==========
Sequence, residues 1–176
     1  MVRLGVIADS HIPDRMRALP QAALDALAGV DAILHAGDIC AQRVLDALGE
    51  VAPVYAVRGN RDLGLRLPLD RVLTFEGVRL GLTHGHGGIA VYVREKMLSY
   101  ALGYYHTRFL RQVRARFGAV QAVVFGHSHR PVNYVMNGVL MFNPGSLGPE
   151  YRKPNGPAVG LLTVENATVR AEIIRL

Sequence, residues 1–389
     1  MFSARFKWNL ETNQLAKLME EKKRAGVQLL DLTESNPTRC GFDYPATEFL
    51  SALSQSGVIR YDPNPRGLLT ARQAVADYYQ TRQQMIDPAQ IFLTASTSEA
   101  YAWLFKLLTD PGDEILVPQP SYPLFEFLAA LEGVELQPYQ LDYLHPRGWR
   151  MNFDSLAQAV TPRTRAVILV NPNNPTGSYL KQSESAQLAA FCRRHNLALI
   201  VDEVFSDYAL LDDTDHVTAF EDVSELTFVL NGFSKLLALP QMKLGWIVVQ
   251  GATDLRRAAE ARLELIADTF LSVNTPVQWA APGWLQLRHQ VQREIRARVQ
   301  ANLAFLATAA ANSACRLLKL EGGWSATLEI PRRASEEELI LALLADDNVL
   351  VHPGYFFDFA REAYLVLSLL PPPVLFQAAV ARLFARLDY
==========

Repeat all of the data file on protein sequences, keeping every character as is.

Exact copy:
Sequence, residues 1–176
     1  MVRLGVIADS HIPDRMRALP QAALDALAGV DAILHAGDIC AQRVLDALGE
    51  VAPVYAVRGN RDLGLRLPLD RVLTFEGVRL GLTHGHGGIA VYVREKMLSY
   101  ALGYYHTRFL RQVRARFGAV QAVVFGHSHR PVNYVMNGVL MFNPGSLGPE
   151  YRKPNGPAVG LLTVENATVR AEIIRL

Sequence, residues 1–389
     1  MFSARFKWNL ETNQLAKLME EKKRAGVQLL DLTESNPTRC GFDYPATEFL
    51  SALSQSGVIR YDPNPRGLLT ARQAVADYYQ TRQQMIDPAQ IFLTASTSEA
   101  YAWLFKLLTD PGDEILVPQP SYPLFEFLAA LEGVELQPYQ LDYLHPRGWR
   151  MNFDSLAQAV TPRTRAVILV NPNNPTGSYL KQSESAQLAA FCRRHNLALI
   201  VDEVFSDYAL LDDTDHVTAF EDVSELTFVL NGFSKLLALP QMKLGWIVVQ
   251  GATDLRRAAE ARLELIADTF LSVNTPVQWA APGWLQLRHQ VQREIRARVQ
   301  ANLAFLATAA ANSACRLLKL EGGWSATLEI PRRASEEELI LALLADDNVL
   351  VHPGYFFDFA REAYLVLSLL PPPVLFQAAV ARLFARLDY